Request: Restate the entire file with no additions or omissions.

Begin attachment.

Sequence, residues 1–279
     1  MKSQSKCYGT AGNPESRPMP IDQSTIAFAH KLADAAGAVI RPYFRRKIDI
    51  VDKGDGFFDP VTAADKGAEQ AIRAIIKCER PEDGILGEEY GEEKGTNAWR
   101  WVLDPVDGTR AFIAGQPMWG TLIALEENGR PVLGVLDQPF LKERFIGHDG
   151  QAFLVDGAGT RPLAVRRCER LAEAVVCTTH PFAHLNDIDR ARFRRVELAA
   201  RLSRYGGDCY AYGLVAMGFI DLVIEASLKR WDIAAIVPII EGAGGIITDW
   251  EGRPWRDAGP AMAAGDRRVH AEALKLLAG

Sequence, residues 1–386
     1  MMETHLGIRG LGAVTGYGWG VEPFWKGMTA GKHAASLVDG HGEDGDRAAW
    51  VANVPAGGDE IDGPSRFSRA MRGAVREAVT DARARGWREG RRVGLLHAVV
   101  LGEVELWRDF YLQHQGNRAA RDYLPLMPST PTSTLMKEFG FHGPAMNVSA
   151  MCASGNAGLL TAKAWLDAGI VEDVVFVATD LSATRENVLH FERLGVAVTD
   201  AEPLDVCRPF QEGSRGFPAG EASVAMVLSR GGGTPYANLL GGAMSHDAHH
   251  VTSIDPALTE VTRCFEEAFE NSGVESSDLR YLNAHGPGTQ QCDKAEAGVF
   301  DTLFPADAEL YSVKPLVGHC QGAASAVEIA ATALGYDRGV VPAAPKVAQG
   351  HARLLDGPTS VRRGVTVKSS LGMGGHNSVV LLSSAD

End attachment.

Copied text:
Sequence, residues 1–279
     1  MKSQSKCYGT AGNPESRPMP IDQSTIAFAH KLADAAGAVI RPYFRRKIDI
    51  VDKGDGFFDP VTAADKGAEQ AIRAIIKCER PEDGILGEEY GEEKGTNAWR
   101  WVLDPVDGTR AFIAGQPMWG TLIALEENGR PVLGVLDQPF LKERFIGHDG
   151  QAFLVDGAGT RPLAVRRCER LAEAVVCTTH PFAHLNDIDR ARFRRVELAA
   201  RLSRYGGDCY AYGLVAMGFI DLVIEASLKR WDIAAIVPII EGAGGIITDW
   251  EGRPWRDAGP AMAAGDRRVH AEALKLLAG

Sequence, residues 1–386
     1  MMETHLGIRG LGAVTGYGWG VEPFWKGMTA GKHAASLVDG HGEDGDRAAW
    51  VANVPAGGDE IDGPSRFSRA MRGAVREAVT DARARGWREG RRVGLLHAVV
   101  LGEVELWRDF YLQHQGNRAA RDYLPLMPST PTSTLMKEFG FHGPAMNVSA
   151  MCASGNAGLL TAKAWLDAGI VEDVVFVATD LSATRENVLH FERLGVAVTD
   201  AEPLDVCRPF QEGSRGFPAG EASVAMVLSR GGGTPYANLL GGAMSHDAHH
   251  VTSIDPALTE VTRCFEEAFE NSGVESSDLR YLNAHGPGTQ QCDKAEAGVF
   301  DTLFPADAEL YSVKPLVGHC QGAASAVEIA ATALGYDRGV VPAAPKVAQG
   351  HARLLDGPTS VRRGVTVKSS LGMGGHNSVV LLSSAD